Sunday, January 9, 2011

Einstein's God

Conversations About Science and the Human Spirit

Krista Tippett

You may already know that Krista Tippett is the host of the Sunday Morning NPR interview show that recently changed it's name from Speaking of Faith to On Being. This book illustrates why, after years of broadcasting the show, it was decided to change it's name. The conversations pursued are often only tangentally religious, except in the most broadly defined and Unitarian sense.

The book is made up of a series of radio interviews transcripts with introductions and commentary by Tippett. Each interview is with someone involved in the sciences and each interview attempts to derive some spiritual nuggets from the interview.

The first is with physicist Freeman Dyson, who knew Albert Einstein in the '50's when they were both at the Institute for Advanced Study at Princeton University. Einstein is credited with saying "God does not play dice with the universe," which has been interpreted as a statement of faith in a personal God. Not so, says Dyson, who opines that Einstein's God was the mathematically elegant and mysterious nature of the universe, as demonstrated by his own special and general theories of relativity. Einstein objected to the random nature of results being found in quantum physics. It turns out he was wrong. God does play dice with the universe on the subatomic level.

Einstein's God contains interviews of thirteen scientists, two of whom are also religious figures, V.V. Raman, a physicist who is also a scholar of Hinduism and John Polkinghorne, a British physicist and theologian. Others interviewed are a biographer of Charles Darwin, several psychologists, an astrophysicist and a rheumatologist.The conversations are about the conflict that Darwin felt between his religious faith and his revolutionary theory of evolutionary biological change, the  biological basis of revenge and forgiveness, the spiritual effect of clinical depression, the possibility of harmony and acceptance between scientific pursuit and religious faith . . .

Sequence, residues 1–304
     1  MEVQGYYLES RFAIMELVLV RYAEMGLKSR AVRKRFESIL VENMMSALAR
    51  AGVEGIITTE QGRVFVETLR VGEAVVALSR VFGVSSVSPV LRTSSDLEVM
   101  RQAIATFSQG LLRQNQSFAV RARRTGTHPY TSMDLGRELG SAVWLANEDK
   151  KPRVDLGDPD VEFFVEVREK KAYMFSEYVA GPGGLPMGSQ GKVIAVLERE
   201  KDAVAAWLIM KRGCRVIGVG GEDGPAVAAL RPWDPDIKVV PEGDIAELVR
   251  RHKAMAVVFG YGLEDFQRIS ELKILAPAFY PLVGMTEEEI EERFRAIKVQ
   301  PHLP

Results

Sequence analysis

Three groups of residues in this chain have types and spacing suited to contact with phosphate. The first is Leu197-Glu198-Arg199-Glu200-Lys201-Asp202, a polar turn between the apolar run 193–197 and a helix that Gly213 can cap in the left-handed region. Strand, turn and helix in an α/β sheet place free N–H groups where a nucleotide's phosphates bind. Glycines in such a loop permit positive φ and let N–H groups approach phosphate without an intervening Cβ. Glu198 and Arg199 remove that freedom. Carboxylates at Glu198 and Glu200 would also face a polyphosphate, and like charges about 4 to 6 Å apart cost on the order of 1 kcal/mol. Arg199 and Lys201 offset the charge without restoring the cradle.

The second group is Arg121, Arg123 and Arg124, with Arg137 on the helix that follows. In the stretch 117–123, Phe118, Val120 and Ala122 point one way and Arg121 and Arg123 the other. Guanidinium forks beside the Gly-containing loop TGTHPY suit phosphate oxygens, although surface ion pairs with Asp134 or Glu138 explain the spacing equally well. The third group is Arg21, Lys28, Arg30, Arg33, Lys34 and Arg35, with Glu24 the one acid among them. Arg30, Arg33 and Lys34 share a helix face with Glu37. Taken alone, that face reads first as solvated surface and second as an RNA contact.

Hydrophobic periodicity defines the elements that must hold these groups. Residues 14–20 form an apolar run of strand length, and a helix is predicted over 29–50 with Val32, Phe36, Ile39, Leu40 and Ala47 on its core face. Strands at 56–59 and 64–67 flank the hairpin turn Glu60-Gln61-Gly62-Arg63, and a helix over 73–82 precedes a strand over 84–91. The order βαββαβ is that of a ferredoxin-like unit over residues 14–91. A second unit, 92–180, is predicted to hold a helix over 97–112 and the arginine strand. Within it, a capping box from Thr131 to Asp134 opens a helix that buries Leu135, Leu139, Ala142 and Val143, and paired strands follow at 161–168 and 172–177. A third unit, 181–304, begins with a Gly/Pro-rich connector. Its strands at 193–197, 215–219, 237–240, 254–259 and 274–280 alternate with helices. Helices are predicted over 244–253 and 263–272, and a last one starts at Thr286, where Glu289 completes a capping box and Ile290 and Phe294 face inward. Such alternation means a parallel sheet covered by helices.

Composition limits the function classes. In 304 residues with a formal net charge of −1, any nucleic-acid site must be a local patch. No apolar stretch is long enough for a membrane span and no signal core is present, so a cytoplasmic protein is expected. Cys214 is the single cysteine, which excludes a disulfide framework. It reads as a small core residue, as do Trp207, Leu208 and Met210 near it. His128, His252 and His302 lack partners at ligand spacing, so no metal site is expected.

On those rare occasions when I have been awake early enough on a Sunday Morning to catch a broadcast of the program I have never failed to become engrossed in the conversation between Tippett and her guest. I did find it a bit more difficult to follow some of these interviews on paper. Perhaps my personal devolution has advanced to a stage where my own opinions intrude too much into what Tippett & co. are saying.


This post is in the 61st
Book Review Blog Carnival

Published at Her Ladyship's Quest.


  1. Excellent review. It's about time that people on all sides realize that maybe, just maybe, science and religion are not exclusive.

  2. Christianity, at least, has been on the retreat in terms of it's explanation of the physical world, ever since Copernicus banished the Earth from the center of the universe. I don't think that retreat is over yet, but yeah, not exclusive, that's the ticket.

  3. I bet this was interesting. Thanks for sharing at Cym's. Hey - love the song! It so suits my DH. He always says he's waiting for the movie. Silly guy.

  4. Thanks for this review. Like your first commenter, I believe that science and faith don't necessarily have to mutually exclude each other. The book sounds interesting, although like you, I that listening to these types of conversations seems a bit more engaging.

  5. Stopping by from Cym’s Book Review Party.


  6. I like to think that religion and science are fairly complex forms of thought. People don't start with either of them. They start with base emotion and emotion eventually leads to reason. There is still a belief in the dualistic worldview that says we are born with both. I think there are other ways of thinking.

  7. Whether the two are compatible or not is hardly a matter of birthright. I think that a person's worldview may exclude one or the other, or include both, depending on how much ambiguity one can stand.


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